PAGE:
Once you’ve defined the direction the organization needs to go and the executive leadership is behind it, how well do the employees understand and agree with the direction and need for change. Is it a predominate opinion across the staff that everything is fine and they are doing well? A good factor to analyze is the longevity of the employees. Long-term employees are much more resistant to change because they have a lot more invested in the organization. Strategic change usually means that people will move, organizations will change, lots of new skills will be introduced, etc. You’re not thinking about moving someone’s cheese here–you’re looking at throwing away the old moldy cheese and making new cheese–a much stronger version no less. You can always expect some resistance to change, especially in the employees, but massive resistance will cripple your effort. Understand it up front.
Before you really sit down and consider the strategy going forward, think about how things on a high-level need to change. Your organizational assessment should show you this, even though you haven’t formalized anything. Consider what potential knowledge, skills, and abilities will be required of your leaders and employees. Then assess if your leaders and employees have these things. For instance, let’s say that the consensus is, based on what you’re seeing in the organizational assessment, that your company needs to consider outsourcing several non-core functions to focus on core activities and the core activities need to be more process-focused activities. The overall plan would be to redirect non-core employees to the core activities as you outsource so employee strength remains the same, but capacity increases and you envision obtaining industry expertise at a reduced cost through a managed services model. Do the employees left behind to oversee the managed service have the current capabilities to perform this partnership management role? Do the non-core employees need to learn new core capability skills to be able to operate? If everyone is going to be process-focused, do you have a small team of expert practitioners and is there appropriate process-related knowledge, skills, and abilities at all levels of the organization?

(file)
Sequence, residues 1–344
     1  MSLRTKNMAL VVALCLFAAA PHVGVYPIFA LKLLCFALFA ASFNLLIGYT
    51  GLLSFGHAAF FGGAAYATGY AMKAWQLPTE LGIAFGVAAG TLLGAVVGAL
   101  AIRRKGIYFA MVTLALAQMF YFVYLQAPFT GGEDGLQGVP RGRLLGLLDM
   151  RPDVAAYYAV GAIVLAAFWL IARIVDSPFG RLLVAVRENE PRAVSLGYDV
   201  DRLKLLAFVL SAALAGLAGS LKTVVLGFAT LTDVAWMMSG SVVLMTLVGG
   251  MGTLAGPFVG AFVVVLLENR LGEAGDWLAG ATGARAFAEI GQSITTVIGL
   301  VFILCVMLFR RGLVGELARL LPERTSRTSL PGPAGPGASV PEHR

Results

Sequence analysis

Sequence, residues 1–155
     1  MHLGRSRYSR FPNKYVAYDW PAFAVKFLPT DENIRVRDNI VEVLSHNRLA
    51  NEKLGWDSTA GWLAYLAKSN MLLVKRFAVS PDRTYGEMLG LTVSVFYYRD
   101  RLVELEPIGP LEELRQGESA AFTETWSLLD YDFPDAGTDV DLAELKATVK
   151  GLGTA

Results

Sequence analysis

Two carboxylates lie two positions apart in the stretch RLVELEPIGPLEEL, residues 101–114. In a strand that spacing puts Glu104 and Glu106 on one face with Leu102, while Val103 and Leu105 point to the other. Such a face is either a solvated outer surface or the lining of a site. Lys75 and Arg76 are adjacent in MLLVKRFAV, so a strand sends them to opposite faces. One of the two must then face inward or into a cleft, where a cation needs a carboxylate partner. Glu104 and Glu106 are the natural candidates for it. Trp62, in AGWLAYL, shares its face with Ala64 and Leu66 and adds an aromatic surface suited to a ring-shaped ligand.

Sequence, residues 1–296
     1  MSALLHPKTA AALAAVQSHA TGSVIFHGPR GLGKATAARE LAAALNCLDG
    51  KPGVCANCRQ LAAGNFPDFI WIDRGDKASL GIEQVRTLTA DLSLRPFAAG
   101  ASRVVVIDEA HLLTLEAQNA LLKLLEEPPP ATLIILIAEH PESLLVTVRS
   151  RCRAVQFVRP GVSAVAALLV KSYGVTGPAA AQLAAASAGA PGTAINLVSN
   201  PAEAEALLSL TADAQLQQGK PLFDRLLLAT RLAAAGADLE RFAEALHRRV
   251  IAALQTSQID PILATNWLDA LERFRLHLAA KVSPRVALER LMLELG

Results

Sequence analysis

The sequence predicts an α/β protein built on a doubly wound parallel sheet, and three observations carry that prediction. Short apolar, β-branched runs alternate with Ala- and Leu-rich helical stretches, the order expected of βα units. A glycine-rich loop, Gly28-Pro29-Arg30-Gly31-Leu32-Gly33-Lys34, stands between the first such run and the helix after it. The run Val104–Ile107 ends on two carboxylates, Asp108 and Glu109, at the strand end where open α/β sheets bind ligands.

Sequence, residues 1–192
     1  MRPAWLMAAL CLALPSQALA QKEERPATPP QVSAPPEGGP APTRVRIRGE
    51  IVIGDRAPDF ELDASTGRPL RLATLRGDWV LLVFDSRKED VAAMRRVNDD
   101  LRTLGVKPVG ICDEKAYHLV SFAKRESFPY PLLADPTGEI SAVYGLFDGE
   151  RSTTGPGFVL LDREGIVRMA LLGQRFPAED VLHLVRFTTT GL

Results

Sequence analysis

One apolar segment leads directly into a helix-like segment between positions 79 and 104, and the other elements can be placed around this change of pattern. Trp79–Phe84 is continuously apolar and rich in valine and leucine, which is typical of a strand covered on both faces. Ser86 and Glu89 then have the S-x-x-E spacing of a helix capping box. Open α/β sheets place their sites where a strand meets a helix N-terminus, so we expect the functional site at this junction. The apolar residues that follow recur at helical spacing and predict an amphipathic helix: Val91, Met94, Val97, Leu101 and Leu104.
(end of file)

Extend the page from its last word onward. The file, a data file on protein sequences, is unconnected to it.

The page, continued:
The last major point of this type of assessment is if the organization has any current way to effectively recognize and reinforce successful change? It is important to leverage these opportunities throughout a change effort and if they don’t exist, then they need to be created. Positive reinforcement of successes and dealing effectively with resistance (negative reinforcement) are key to the long term success of strategic change.
Having a plan isn’t enough–being able to implement that plan is where the strategy emerges. However, strategy means change–change like you’ve never felt before. If your organization isn’t ready for that amount and type of change, your first strategic activity might be to build the organization’s readiness for strategic change. If you ignore the organization’s current readiness, then more than likely your strategy will fail.
So, 70% of all plans fail to some level; however, by following these guidelines you can help ensure your strategic plan will be one of the 30% successes that everyone reads about.